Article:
Casual Ties with Caring Adults: The Bonds Kids Need to Make Things Better

Society Family Economy

Children face tough challenges in their lives today, with some responding by refusing to attend school and others going so far as to take their own lives. The need for safe, comfortable places outside school and home is attracting growing attention. A look at some of the “third places” opening their doors to kids and their families.

Are There Neighborhood Adults Around?

Every Tuesday afternoon, the Terao Community Center in Yokohama’s Tsurumi Ward sees a steady stream of elementary schoolchildren heading for the meeting room. They are there for a weekly gathering run by the nonprofit organization Third Place.

A selection of board games, homemade brain teasers, and Nintendo Switch consoles are laid out on a table near the entrance. The children quickly select whichever game appeals to them and settle down to play.

I join a group of six 10-year-old girls playing what they call “Detective Game,” something like Twenty Questions. They invite me to share snacks brought from home. They are tough opponents, playing to win. Being no match for these experienced players, I am soon out of the game, and before I know it, an hour has flown by.

The children attending the weekly gathering enjoy playing board and video games or experimenting with makeup. (© Gotō Eri)
The children attending the weekly gathering enjoy playing board and video games or experimenting with makeup. (© Gotō Eri)

I ask the girls whether they play online games. Ten-year-old Mizuki answers, “Sure, ordinarily I do, but this is the only place for us to play games like this.” On the other weekdays, if they are not attending lessons of some kind, the children play in the park or log in to play games together online from their own homes . “We have tons of time on our hands,” quips Kanna, another of the girls in the group.

Things are certainly different now than in my own childhood, when we would ditch our schoolbags the minute we got home and scatter like jackrabbits to go out and play. Third Place head Suda Yōhei explains: “Nowadays, children need somewhere to congregate. My job is simply to open up the meeting room. After that, it’s up to the children to entertain themselves and make the most of this gathering place.”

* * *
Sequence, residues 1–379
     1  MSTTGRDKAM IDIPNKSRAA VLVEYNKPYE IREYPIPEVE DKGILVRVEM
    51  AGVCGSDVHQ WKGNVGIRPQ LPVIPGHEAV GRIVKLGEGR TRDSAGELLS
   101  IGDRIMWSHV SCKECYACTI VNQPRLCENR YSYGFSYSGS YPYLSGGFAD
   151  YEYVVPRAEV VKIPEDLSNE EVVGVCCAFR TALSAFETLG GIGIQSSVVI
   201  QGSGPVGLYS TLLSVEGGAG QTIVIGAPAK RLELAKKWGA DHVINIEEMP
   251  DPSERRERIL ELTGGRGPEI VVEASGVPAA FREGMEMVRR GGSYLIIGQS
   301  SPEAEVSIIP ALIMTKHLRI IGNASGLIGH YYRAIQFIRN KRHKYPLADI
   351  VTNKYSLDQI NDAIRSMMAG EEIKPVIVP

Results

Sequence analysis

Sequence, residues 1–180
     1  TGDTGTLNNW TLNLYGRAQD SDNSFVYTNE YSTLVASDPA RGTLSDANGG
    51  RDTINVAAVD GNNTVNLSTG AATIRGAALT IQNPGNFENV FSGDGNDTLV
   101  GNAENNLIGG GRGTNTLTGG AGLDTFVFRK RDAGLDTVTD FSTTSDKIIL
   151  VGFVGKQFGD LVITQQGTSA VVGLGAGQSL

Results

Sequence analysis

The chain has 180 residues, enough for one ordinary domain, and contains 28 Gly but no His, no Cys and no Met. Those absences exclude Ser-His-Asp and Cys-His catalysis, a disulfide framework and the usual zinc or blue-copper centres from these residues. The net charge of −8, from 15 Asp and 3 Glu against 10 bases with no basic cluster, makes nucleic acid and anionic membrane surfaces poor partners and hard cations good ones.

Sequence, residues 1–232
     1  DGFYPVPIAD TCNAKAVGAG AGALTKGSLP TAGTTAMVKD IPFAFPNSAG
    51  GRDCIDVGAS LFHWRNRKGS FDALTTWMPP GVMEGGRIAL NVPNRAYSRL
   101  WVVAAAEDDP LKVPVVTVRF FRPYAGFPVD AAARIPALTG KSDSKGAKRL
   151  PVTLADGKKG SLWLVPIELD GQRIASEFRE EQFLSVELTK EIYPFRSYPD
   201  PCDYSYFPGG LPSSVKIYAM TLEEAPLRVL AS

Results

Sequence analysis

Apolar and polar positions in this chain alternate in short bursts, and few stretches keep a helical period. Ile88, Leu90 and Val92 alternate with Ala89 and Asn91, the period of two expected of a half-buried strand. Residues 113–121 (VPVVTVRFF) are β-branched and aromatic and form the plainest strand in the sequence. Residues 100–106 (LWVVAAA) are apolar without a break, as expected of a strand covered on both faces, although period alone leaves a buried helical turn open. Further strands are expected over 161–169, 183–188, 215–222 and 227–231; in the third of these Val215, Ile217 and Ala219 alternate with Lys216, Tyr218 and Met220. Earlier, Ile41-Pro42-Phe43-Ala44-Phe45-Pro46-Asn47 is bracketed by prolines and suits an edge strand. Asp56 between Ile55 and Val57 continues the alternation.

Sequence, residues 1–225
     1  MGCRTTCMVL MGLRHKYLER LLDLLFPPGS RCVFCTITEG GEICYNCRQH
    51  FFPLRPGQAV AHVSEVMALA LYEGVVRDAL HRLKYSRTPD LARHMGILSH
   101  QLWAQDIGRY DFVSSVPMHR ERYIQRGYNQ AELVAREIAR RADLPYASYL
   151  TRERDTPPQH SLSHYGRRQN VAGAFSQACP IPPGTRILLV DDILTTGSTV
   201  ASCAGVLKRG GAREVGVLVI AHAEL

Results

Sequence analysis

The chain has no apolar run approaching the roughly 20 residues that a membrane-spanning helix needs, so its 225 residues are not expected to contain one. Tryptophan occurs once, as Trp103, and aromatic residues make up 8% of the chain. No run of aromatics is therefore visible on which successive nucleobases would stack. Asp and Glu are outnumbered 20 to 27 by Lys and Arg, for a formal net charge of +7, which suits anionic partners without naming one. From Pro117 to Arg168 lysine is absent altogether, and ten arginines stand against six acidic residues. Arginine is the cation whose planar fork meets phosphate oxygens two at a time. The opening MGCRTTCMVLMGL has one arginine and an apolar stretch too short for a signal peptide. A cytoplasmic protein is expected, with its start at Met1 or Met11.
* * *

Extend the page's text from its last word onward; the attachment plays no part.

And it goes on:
Suda, formerly an employee of the Yokohama City Social Welfare Council, was assigned to the Terao Community Center as part of his community welfare duties, mainly creating programs for children. Busy parents were only focused on weekend sports or learning activities to which they could take their children themselves, so there was little interest in the activities Suda was trying to set up. “Parents have a hard time, but so do the kids. Things might improve if people came together to nurture children.”

He thought of how to get parents involved through their children, and one idea was to hold a cheerleading/dance class. Parents dropping their children off at the Center were invited to participate, and he soon had a roster of over 100 volunteers. His next idea was a summer camp. The camp has been running for three years now; the camp’s first intake are junior high school students now and have taken charge of planning the camp’s program. “Rather than simply helping children, I wanted to give them a chance to play an active role in the community, since they’re part of it too.” There is a clear connection between community-building and creating a place where children can hang out.

Sitting in on the weekly gathering and chatting with the children enables Suda to home in on subtle signs that things may not going smoothly for some of them. For example, one child might say “I had a fight with so-and-so, and I’m so cheesed off,” or “school lately is just sooo boring.” These are matters that children do not bring up with parents or teachers. But when Suda asks them why they talk to him, they say “Well, you look as though you have time on your hands.”